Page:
- Note: The darkside of food irradiation
is well known to consumer advocates and health professionals. Below is
the mainstream media's story about it's long-feared approval. The irradiation
process uses deadly nuclear waste which will be trucked on U.S. roadways
to various locations arond the country and then placed directly into the
hands of corporate America...the private sector. The irradiation process
is so deadly a human would perish in 10-12 seconds if exposed to it. The
products being irradiated would be exposed for 30-40 minutes on average.
Among othere things, this exposure has been demonstrated to create dozens
of new, unknown molecular compounds in the food. Some of these compounds
have been identified as carcinogens but most don't even have names yet.
More to come...
- WASHINGTON (Reuters) - U.S. regulators Tuesday approved the use of
irradiation to kill food-borne bacteria in beef, lamb and pork amid worries
by consumer groups that the procedure may be oversold as a solution to
growing outbreaks of food contamination.
- After a record U.S. recall of 25 million
pounds of tainted hamburger in August, the meat and food industries lobbied
hard for Food and Drug Administration approval of tiny doses of gamma rays
or X-rays to kill bacteria and parasites in beef.
- Irradiation, first used by NASA to sterilize
food for astronauts, is widely used to control insects and disease in fruits,
vegetables, grains and spices. The FDA approved its use with poultry several
years ago, but it is rarely used.
- "Irradiation of meat could prove
to be another important tool to protect consumers from food-borne disease,"
said Michael Friedman, deputy FDA commissioner. "The process has been
shown to be safe and to significantly reduce bacterial contamination."
- After three years of study, the FDA concluded
that irradiation does not make meat radioactive, nor does it noticeably
change taste, texture or appearance.
- Consumers are not likely to find packages
of irradiated meat at their grocery stores any time soon.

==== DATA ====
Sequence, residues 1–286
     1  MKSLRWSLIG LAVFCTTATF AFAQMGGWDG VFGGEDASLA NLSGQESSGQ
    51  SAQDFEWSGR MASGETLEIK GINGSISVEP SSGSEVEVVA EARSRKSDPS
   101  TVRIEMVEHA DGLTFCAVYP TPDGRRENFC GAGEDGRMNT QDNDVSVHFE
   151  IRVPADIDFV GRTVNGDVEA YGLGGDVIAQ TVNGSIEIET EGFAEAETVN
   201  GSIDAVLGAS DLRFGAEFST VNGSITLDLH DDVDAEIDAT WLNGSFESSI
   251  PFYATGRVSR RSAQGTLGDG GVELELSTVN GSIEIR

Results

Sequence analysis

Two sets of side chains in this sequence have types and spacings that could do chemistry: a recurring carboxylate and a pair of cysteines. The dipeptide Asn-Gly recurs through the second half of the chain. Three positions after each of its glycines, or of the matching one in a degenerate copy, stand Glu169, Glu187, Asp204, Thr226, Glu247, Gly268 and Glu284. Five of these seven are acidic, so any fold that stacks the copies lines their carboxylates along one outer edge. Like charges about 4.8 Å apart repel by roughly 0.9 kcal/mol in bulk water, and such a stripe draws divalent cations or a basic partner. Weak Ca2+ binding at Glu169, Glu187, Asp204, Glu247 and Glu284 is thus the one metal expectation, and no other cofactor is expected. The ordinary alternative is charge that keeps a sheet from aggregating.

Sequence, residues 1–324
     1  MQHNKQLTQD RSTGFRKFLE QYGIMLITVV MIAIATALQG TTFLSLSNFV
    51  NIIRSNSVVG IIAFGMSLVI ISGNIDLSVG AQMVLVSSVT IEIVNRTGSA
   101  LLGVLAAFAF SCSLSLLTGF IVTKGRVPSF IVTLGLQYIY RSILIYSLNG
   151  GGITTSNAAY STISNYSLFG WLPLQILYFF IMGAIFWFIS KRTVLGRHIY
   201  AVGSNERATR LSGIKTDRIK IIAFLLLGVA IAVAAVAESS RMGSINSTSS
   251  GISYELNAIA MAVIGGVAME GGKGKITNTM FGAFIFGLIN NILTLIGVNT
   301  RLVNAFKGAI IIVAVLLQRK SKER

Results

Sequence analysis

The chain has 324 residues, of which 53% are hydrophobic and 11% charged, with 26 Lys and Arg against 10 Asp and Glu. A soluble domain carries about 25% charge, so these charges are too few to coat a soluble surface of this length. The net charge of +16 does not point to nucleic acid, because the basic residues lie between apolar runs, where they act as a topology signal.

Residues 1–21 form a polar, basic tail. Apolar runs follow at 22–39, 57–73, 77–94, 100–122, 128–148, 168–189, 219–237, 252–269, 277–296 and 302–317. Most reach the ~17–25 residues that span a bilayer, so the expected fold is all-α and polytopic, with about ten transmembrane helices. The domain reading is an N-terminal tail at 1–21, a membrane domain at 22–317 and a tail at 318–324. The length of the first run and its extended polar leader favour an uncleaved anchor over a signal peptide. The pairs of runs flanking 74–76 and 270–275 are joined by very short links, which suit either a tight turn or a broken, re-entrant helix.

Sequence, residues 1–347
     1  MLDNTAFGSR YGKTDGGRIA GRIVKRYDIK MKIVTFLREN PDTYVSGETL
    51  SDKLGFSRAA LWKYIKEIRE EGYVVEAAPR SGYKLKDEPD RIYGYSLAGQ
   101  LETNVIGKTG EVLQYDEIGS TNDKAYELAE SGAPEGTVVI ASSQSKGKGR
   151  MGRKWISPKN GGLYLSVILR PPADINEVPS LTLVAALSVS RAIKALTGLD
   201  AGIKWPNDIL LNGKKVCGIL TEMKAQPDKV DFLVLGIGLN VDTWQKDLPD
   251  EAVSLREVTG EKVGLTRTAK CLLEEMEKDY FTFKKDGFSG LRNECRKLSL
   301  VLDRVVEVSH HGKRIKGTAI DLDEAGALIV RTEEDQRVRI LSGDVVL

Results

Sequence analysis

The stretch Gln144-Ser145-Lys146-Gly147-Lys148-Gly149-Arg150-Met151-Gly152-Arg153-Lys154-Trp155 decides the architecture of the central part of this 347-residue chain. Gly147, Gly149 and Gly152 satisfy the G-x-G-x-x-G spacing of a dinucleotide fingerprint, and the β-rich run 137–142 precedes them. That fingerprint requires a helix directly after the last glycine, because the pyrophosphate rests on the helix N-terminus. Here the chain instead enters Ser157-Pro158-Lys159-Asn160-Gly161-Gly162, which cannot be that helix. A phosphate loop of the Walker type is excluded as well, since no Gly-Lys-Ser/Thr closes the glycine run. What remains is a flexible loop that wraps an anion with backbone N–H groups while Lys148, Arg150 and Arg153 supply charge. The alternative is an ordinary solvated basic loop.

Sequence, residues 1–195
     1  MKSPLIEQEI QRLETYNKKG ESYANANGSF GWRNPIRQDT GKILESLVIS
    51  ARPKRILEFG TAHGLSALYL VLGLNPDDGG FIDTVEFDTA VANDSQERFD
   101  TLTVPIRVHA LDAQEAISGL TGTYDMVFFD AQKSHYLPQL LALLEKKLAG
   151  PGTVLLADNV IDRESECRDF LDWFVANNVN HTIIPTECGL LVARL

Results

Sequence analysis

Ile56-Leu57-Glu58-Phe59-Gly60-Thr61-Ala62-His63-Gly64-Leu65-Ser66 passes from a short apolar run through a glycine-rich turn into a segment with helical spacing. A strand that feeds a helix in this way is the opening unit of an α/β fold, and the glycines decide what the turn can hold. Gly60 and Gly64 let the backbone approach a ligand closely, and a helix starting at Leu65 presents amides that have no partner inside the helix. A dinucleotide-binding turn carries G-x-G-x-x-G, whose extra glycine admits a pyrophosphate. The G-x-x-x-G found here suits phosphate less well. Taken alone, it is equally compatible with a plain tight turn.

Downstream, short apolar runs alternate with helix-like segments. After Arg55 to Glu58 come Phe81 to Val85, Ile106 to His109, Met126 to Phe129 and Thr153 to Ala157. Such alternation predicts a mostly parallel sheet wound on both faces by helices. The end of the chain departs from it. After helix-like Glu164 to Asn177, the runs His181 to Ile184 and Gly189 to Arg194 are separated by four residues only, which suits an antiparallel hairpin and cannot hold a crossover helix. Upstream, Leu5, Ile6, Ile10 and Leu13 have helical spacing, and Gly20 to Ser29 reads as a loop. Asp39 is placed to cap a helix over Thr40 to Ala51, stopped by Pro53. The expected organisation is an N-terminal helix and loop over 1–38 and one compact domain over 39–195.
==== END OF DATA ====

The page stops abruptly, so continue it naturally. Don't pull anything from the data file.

- The U.S. Agriculture Department, which
has authority over meat inspections, must first modify its regulations
over the next few months to include irradiation. The agency hopes to complete
that process by mid-1998, a USDA spokeswoman said.
- Consumer groups contend that scientists
need to find better ways to treat food safety problems on the farm.
- "Irradiation is definitely being
oversold as a solution to food safety problems by the food industry,"
said Caroline Smith DeWaal of the Center for Science in the Public Interest.
- "It isn't the right approach to
take a filthy product and irradiate it to make it sterile. We need to make
sure that the filth is removed earlier in the process," DeWaal said.
- Although the FDA review did not include
costs of the technology, experts have estimated irradiation could cost
consumers about five cents per pound. That would add about $2 per person
to annual grocery bills based on average consumption of about 33 pounds
- IBP Inc, the nation's largest beef processor,
plans to test irradiation's effect on the color and flavor of beef.
- "It will ultimately be up to the
consumer to determine if this is an acceptable process," an IBP spokesman
- Food industry groups welcomed the FDA
action. "In order to maintain the safest food supply in the world,
the beef industry needs the flexibility to use new technologies as they
become available," said Van Amundson of the National Cattlemen's Beef
- Even with irradiation, consumers must
cook meat thoroughly and use safe food-handling procedures, the USDA said.
- Steam pasteurization of beef, pulsed
light beamed onto meat and a sterilizing rinse for poultry are other procedures
that have been approved by regulators, but all kill only bacteria and germs
on the surface of the animal. Irradiation penetrates the meat to kill internal
parasites, and can be used after meat is packaged for shipment to grocery
- Some scientists are also investigating
potential inoculations of farm animals that could prevent them from carrying
E. coli that occurs normally in the intestinal tract.
- The public's growing nervousness about
outbreaks of E. coli, salmonella, cyclospora and other food-borne diseases
prompted the Clinton administration to launch a food safety initiative
that includes legislation to give USDA more authority over meat recalls,
adding inspectors to check domestic and imported produce and rolling out
mandatory safety programs at meat, poultry and seafood processing plants.
- More than 35 countries use irradiation,
which was approved earlier this year by the World Health Organization.
- The agency action came after Isomedix
Inc, a New Jersey maker of medical equipment, petitioned the agency in
1994 to approve irradiation of red meat. The company was acquired by Steris
Corp for $142 million in September.